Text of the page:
For the first eight years of their existence, the Spinto Band were just a couple of high school kids screwing around with new instruments and a four-track recorder. Albums from that period such as Mersey and Reno or the concept album Roosevelt. or the compilation Sam Raimi are riddled with wacky instrumentation, pitch-shifted vocals, and juvenile humor that suggests some of the songs were conceived with a “Wouldn’t it be funny if…” mentality. Since then, the band has gone through a number of changes in their sensibilities, their lineup, and their record labels, though the group’s core remains the singing/songwriting team of Nick Krill and Thomas Hughes, whose growth as songwriters since the days before the Good Answer EP is nothing if not impressive. The band’s metamorphosis presents itself in colorful fashion on Cool Cocoon, their fourth proper release. Though it comes merely nine months after the sprightly but lackluster Shy Pursuit, it doesn’t sound rushed at all. Indeed, it’s quite the opposite: Cool Cocoon is the Spintos’ most compelling and assured effort since Nice and Nicely Done.
Over the years since their debut, the Spintos had carved a very particular pop niche. Caffeinated, tightly-wound, and aloof, their style persisted and developed over three releases, but when Shy Pursuit came around after a four-year hiatus, it had begun to wear thin. But Cool Cocoon finds them broadening their sonic palette and spreading their wings to show colors we’d never seen in them before. It boasts songs ranging from bittersweet and melancholic, to peppy yet wry, to sunny and blissful, all the while maintaining a warm atmosphere that’s perfect for a lazy summer’s day or a cold winter’s night.
The caffeine is still there, though, although in smaller doses on the twee-leaning “Amy + Jen,” the handclap-heavy and yelpy “She Don’t Want Me,” and the galloping clangor of “Na Na Na.” Elsewhere, the Spintos are more mellow than hyperactive. Nick Krill’s mid-album ballad “Look Away” bares a melancholic side of the band not seen since it was hinted at on “Mountains,” and which we see again almost immediately on Hughes’ downbeat “Static.”
However, it’s in the middle of the energy spectrum where Krill and Hughes really knock it out of the park. Lead single and lead track “Shake It Off” begins with a couple seconds of noise before a single piano note begins the tune; a mid-tempo breakup song by Krill, whose restrained delivery suggests relief with very slight trepidation. “Enemy” is a wistful, quirky pop number from Hughes that’s darkened by the prevailing conflict between the singer and the object of his (dis)affection. “What I Love” is a honeyed love ballad that manages to be sweet without being too cloying. The strongest showings come on a couple of Hughes numbers. The slow-burning album centerpiece “Memo” builds gracefully into a gorgeous, heart-tugging pop ballad punctuated by xylophone, mandolin, and irresistible vocal harmonies. The “Tell me I’m right / Tell me I’m wrong / Over and over again” chorus is one of the best that this band has produced. Then, album closer “Breath Goes In” builds from softly plucked mandolin arpeggios to a grand pop waltz, complete with swelling ballroom-dance strings that conjure images of swirling skirts and Busby Berkeley routines.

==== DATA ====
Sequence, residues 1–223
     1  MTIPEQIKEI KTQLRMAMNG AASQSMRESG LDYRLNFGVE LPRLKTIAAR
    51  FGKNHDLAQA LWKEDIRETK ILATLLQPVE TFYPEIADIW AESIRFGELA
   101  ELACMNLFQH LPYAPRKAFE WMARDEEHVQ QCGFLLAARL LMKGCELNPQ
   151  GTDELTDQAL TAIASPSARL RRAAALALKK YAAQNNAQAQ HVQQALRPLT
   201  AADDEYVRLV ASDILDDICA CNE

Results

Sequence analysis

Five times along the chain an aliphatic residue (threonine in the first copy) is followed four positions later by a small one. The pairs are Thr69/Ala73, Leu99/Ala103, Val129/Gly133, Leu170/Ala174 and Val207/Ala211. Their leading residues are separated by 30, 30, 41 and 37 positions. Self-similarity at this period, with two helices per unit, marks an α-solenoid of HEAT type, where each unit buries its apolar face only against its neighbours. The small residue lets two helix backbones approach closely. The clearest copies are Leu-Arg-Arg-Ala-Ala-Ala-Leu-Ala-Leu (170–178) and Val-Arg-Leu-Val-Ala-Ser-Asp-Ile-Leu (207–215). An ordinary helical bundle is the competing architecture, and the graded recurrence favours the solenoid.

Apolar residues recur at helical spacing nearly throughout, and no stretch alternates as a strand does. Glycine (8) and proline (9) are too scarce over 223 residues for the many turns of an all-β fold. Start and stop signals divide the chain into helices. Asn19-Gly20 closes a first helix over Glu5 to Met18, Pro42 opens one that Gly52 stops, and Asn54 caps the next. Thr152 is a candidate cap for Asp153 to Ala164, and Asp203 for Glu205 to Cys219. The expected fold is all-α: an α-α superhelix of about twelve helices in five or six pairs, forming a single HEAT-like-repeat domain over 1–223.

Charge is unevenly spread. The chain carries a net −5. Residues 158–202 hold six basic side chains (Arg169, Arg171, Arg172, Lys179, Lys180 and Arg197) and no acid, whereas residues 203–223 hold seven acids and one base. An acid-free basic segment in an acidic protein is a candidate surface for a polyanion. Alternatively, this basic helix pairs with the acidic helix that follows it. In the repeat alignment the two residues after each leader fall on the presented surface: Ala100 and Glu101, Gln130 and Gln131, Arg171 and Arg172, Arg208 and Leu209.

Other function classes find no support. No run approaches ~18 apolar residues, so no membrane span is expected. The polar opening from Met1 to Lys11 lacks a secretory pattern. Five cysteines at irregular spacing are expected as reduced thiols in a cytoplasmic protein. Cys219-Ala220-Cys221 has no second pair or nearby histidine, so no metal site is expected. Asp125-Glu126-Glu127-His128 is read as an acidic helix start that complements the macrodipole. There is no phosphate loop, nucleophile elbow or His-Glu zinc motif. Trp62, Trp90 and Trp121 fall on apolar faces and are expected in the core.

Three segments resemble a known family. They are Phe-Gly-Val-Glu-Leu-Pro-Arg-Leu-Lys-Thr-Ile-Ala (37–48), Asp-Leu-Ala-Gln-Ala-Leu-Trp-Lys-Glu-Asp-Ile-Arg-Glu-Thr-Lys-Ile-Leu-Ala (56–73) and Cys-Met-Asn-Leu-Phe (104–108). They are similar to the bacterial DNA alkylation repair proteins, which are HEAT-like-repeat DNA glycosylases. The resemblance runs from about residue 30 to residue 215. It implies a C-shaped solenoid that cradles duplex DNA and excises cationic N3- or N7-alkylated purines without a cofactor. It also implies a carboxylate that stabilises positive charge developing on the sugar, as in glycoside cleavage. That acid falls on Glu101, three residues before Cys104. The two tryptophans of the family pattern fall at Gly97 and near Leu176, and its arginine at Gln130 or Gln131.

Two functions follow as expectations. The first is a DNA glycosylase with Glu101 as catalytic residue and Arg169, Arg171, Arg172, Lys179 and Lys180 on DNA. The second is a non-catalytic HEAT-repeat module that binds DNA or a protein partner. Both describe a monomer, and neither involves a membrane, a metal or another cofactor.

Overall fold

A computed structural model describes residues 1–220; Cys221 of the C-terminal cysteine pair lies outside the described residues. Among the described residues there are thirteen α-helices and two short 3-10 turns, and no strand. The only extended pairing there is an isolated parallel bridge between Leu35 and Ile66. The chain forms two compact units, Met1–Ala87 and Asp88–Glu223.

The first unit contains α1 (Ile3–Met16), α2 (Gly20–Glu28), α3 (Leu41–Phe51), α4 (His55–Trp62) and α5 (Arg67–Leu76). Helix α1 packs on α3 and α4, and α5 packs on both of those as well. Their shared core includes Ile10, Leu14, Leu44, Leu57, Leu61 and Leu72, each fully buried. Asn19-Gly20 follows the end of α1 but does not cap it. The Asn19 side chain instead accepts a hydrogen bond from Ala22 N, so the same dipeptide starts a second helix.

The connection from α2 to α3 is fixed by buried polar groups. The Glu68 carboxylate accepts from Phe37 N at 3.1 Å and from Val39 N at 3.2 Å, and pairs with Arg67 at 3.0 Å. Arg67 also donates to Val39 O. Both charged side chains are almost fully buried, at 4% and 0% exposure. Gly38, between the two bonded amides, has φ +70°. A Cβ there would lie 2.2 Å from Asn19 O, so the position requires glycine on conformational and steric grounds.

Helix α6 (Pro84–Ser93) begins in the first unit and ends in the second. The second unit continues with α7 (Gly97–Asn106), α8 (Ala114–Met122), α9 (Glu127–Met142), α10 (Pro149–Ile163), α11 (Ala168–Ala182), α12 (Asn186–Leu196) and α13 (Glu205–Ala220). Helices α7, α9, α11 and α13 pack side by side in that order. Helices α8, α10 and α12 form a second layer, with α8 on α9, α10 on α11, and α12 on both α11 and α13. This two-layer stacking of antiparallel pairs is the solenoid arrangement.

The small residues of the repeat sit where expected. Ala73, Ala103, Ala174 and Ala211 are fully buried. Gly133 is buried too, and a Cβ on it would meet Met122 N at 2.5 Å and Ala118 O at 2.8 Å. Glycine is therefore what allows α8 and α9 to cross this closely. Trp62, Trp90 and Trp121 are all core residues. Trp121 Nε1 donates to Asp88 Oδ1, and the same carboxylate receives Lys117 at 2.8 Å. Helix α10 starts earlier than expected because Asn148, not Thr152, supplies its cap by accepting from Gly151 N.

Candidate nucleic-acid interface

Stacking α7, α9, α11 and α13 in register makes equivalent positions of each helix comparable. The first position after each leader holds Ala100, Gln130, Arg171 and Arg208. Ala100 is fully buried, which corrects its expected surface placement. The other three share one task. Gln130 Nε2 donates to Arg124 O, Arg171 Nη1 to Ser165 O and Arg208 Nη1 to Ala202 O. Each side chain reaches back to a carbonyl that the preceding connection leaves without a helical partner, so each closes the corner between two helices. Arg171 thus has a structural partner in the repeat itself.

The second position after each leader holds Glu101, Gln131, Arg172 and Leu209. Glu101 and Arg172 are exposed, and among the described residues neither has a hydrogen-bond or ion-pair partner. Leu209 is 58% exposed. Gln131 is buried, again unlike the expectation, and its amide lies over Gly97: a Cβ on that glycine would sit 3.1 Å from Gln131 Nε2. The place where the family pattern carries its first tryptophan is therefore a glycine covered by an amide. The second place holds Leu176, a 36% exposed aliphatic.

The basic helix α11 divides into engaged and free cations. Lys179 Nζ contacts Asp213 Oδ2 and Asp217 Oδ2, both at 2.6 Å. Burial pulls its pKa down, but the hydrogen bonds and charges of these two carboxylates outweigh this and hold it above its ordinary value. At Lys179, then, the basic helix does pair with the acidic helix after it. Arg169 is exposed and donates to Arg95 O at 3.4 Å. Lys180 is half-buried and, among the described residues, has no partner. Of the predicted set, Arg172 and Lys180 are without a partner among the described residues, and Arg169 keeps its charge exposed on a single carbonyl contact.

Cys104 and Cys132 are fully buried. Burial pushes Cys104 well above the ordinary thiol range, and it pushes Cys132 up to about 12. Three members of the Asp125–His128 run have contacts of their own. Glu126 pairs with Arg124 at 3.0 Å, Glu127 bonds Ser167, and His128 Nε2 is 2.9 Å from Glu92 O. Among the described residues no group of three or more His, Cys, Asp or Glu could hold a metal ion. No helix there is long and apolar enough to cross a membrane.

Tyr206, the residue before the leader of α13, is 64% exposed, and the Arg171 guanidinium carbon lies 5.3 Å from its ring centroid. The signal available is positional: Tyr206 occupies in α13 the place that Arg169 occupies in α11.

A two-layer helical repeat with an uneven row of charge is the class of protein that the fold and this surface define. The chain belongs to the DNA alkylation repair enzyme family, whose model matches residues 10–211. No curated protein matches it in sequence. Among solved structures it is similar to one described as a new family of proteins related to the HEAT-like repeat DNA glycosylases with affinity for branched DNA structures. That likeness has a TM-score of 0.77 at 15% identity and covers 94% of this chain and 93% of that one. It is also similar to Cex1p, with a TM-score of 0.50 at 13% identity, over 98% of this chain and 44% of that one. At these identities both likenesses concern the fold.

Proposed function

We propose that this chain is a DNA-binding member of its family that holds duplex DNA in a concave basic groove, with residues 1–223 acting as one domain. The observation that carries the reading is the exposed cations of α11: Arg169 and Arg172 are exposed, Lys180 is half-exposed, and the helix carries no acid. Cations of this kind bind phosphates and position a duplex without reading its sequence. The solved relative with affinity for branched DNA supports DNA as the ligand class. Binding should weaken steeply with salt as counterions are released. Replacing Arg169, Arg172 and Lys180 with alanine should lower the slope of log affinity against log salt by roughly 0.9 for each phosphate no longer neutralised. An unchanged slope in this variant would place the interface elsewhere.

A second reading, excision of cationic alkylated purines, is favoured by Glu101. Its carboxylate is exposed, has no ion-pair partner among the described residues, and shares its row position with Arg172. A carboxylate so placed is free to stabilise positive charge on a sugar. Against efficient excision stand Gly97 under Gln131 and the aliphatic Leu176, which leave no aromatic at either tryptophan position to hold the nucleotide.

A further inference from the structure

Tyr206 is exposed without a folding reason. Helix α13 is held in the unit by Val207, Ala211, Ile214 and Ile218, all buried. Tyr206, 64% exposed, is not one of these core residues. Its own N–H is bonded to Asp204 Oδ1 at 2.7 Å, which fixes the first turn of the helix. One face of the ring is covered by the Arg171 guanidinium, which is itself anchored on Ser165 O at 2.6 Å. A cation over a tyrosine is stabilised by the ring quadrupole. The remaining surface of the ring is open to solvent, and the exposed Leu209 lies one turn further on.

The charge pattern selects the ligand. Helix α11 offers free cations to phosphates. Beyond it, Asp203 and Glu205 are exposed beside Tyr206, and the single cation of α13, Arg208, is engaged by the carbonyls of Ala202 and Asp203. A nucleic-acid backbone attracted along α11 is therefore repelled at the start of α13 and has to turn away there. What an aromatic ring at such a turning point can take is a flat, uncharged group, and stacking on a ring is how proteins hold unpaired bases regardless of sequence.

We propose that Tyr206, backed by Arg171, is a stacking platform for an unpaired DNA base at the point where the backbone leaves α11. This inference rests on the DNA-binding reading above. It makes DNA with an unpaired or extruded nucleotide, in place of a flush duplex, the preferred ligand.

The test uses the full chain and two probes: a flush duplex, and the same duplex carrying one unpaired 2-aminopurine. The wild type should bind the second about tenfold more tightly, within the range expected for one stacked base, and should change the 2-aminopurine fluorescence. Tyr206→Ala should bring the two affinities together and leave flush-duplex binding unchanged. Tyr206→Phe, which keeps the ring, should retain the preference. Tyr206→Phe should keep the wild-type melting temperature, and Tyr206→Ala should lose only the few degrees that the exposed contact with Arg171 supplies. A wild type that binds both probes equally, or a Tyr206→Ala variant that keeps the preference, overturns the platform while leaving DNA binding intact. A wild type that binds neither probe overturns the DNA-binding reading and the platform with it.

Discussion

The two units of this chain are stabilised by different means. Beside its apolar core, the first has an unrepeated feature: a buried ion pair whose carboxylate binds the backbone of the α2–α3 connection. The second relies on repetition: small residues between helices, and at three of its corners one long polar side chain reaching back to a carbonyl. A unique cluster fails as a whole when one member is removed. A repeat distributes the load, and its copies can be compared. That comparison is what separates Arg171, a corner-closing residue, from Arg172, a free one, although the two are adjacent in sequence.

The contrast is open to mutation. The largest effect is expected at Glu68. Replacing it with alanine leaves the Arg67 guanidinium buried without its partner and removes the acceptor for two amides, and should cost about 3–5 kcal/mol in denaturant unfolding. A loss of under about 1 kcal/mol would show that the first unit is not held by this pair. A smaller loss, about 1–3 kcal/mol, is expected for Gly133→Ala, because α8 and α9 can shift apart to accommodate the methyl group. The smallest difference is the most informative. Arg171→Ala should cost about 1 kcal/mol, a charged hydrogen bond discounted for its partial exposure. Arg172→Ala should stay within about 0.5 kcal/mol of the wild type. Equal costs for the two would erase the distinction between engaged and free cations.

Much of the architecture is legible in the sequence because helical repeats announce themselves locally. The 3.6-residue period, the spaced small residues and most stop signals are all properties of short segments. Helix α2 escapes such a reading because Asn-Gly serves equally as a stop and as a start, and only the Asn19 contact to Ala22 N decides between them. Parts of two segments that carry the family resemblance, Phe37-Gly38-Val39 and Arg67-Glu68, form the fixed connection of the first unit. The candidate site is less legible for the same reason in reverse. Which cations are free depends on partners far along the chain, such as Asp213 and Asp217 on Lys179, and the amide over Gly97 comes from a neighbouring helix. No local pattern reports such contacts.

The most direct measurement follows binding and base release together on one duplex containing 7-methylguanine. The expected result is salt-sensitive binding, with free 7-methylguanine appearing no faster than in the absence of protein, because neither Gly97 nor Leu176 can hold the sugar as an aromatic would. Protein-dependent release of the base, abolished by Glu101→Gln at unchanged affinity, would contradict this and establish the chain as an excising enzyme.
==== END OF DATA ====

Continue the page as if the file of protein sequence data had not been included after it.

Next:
But for all the record’s professionalism and pleasantry, Cool Cocoon doesn’t break new ground in the greater scheme of things. Though it shows the Spinto Band have considerable range when it comes to their craft, it’s impressive almost solely on those merits. It has potential to win the band a couple of new fans, and old fans will certainly find something to love on here, whether or not they appreciate the Spintos’ mellower side, but it’s not going to break them into the ranks of indie royalty any time soon. “I feel like it’s been forever since I’ve been impressed,” Hughes sings on “Amy + Jen,” echoing the sentiment of many a Spinto fan who have waited for something as impressive as Nice and Nicely Done and have finally received it in Cool Cocoon. For many of those who’ve not heard the band before, the more accurate observation comes earlier in the same song: “From what I hear, it’s pretty good.”